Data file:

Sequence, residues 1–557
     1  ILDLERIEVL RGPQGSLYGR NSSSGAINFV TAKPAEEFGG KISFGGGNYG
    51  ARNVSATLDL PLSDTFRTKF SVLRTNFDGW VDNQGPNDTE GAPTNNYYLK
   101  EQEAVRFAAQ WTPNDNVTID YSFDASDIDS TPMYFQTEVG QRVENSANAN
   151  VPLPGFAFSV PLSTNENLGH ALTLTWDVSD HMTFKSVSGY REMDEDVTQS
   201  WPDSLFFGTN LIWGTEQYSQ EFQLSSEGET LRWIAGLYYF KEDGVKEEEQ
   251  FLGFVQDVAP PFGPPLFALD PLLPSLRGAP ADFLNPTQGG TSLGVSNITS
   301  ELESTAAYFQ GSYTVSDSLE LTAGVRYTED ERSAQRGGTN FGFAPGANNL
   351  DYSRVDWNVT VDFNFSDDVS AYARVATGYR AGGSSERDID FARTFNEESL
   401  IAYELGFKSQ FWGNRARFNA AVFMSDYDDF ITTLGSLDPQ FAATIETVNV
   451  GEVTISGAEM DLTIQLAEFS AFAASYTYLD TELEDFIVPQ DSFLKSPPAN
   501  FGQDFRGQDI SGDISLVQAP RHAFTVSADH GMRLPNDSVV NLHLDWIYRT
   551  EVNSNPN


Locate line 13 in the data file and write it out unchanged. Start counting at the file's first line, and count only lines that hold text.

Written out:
   551  EVNSNPN